Sophie probe gardaí 'were willing to contemplate altering evidence'
A number of gardaí involved in the Sophie Toscan du Plantier investigation were willing to contemplate altering, modifying or suppressing evidence that did not further the belief Ian Bailey was her killer.
They included an officer responsible for preparing a report on the investigation for the Director of Public Prosecutions.
The Fennelly Commission found officers also engaged in the apparently inappropriate disclosure of information about the investigation to a number of civilians, including a journalist.
It also found that four solicitor/client conversations linked to the Toscan du Plantier investigation were recorded at Bandon Garda Station in west Cork.
The commission was not able to establish if the calls were subsequently listened to by gardaí.
Other conversations involving gardaí include derogatory remarks about Mr Bailey, who has always maintained he was not involved in the December 1996 murder of the French filmmaker. He is currently battling efforts by French authorities to have him extradited to face trial in Paris.
Evidence of the highly questionable behaviour by gardaí was uncovered in a trove of 297 phone calls recorded at Bandon Garda Station.
Although there was no proof that evidence was altered, modified or suppressed, Mr Justice Nial Fennelly found that suggesting or discussing such a course of action could, in itself, amount to improper conduct.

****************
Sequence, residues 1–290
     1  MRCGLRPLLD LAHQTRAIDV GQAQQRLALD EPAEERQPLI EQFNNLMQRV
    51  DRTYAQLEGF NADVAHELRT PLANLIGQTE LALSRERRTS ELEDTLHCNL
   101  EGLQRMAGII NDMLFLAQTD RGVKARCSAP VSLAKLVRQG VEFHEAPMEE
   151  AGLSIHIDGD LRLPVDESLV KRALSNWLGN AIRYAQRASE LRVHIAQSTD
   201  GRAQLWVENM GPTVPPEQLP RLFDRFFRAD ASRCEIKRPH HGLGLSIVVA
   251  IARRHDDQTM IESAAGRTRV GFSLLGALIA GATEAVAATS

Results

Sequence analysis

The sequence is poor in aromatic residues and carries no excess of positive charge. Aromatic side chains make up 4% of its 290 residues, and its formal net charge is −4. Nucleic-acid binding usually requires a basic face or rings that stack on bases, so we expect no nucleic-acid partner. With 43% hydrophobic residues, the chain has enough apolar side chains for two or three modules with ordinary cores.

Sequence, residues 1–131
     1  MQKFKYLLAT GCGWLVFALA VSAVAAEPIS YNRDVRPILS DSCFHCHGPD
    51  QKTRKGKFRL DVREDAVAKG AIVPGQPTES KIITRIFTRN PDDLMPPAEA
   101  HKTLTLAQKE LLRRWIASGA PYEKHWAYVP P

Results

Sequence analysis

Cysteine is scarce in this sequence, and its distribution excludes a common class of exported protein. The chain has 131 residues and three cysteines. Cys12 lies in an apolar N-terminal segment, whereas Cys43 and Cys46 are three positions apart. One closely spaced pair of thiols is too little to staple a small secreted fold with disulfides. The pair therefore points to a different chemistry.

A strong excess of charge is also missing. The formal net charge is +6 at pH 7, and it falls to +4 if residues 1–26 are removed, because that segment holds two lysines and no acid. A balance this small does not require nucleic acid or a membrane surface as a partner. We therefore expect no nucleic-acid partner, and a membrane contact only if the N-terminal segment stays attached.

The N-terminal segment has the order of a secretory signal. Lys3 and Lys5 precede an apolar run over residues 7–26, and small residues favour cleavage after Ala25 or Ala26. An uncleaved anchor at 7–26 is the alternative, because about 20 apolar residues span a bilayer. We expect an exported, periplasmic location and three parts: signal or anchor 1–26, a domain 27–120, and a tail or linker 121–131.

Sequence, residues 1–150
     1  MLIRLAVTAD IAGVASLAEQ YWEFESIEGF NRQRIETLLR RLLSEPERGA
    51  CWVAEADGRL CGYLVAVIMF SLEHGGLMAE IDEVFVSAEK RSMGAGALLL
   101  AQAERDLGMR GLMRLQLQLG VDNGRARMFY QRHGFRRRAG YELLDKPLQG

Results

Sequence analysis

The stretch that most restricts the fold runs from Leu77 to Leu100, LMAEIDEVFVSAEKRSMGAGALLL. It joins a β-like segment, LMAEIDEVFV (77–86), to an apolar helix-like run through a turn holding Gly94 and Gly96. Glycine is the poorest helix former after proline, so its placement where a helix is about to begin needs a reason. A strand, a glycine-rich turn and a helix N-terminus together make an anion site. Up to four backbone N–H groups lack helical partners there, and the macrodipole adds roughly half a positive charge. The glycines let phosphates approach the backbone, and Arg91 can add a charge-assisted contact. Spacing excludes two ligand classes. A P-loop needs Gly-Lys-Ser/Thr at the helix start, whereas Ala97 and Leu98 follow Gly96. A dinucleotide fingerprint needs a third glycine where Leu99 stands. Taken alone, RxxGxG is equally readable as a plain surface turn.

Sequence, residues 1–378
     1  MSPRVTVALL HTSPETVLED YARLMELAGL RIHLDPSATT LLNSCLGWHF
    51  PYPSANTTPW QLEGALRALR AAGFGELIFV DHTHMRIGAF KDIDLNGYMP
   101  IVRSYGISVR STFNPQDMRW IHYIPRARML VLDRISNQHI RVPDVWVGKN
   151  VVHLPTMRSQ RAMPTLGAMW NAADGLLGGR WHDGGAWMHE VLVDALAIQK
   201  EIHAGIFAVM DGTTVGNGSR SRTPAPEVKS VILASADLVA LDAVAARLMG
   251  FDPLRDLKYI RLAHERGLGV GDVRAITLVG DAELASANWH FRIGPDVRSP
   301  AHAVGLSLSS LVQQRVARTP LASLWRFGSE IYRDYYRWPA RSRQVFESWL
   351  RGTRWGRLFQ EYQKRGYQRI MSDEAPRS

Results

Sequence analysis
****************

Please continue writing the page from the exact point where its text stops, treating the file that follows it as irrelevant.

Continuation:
The phone calls included conversations with a potential witness who expressly or impliedly made requests to gardaí for the supply of drugs, either to facilitate or in consideration of his assistance in the Garda investigation.
There was no evidence from the calls that the gardaí involved agreed to the requests.
The man who sought the drugs was not named in the report, but has been named in court proceedings as former British soldier Martin Graham.
In another conversation a garda indicated a willingness to backdate a statement in relation to an alleged assault committed by the husband of a key witness in the investigation. Mr Justice Fennelly said this disclosed "evidence of improper conduct".
The people involved were not named in the report, but a previous court case heard claims from Mr Bailey's legal team that gardaí got a local man to withdraw a complaint he was assaulted by Chris Farrell, the husband of key witness Marie Farrell, to "keep her sweet".
Although most garda stations examined by Mr Justice Fennelly only had one phone which was recorded, calls relevant to the Toscan du Plantier investigation were recorded on five different lines.
The commission found that over the course of one week in June 1997, there were a number of telephone calls involving an officer dubbed Detective Sergeant Alpha and several people, all of them civilians, in which he discussed the investigation.
In one call with an unidentified woman on June 18, the detective sergeant suggested Mr Bailey was being shielded by the people he was living with.
The following day, in an "off the record" conversation with a journalist working for a UK publication, the officer alleged Mr Bailey was attempting to use the media to build an argument that, due to negative publicity, a fair trial would be impossible.
On June 23, in a call to a family member, the detective sergeant discussed the progress of the investigation and referred to Mr Bailey as "a cunning bastard". A day later in a conversation with an employee of the Revenue Commissioners, he made allegations concerning Mr Bailey, including that he had beaten his partner "to a pulp a few times" and that gardaí believed he had committed similar assaults in England. On the same day in a call with a local TD, the garda sergeant said Mr Bailey's re-arrest was imminent.